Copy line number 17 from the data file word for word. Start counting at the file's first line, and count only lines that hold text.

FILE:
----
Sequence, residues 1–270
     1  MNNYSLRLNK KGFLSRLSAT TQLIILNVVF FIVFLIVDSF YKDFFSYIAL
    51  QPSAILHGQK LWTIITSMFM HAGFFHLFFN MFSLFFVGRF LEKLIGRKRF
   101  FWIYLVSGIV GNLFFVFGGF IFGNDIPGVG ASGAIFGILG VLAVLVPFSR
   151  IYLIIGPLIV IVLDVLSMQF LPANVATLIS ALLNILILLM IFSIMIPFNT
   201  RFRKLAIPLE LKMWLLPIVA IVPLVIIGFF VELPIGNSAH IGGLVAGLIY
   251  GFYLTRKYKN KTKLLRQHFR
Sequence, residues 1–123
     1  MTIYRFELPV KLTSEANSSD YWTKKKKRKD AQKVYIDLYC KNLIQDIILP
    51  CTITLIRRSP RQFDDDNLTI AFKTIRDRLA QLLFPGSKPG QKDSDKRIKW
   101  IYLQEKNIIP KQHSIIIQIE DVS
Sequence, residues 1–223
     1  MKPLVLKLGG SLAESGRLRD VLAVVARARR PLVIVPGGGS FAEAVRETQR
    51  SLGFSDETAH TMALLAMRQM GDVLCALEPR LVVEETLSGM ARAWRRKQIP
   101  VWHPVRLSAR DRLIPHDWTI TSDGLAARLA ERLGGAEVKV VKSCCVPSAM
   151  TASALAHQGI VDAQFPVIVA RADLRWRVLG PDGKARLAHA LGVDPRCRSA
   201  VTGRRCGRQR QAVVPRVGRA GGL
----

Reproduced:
   201  VTGRRCGRQR QAVVPRVGRA GGL